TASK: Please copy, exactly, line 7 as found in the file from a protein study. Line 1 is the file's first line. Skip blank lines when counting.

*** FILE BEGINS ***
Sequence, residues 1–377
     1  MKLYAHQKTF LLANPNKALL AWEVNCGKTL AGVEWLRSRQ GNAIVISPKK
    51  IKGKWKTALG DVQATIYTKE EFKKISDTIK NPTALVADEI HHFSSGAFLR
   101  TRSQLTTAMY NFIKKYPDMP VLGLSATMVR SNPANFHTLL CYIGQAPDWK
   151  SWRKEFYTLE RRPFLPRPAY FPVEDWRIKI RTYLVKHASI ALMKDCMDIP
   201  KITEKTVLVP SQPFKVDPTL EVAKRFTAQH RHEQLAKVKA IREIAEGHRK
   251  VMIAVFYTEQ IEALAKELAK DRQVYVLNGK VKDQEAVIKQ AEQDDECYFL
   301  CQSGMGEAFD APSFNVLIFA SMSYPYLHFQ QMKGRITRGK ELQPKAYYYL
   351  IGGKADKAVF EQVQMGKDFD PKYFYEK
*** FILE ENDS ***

   251  VMIAVFYTEQ IEALAKELAK DRQVYVLNGK VKDQEAVIKQ AEQDDECYFL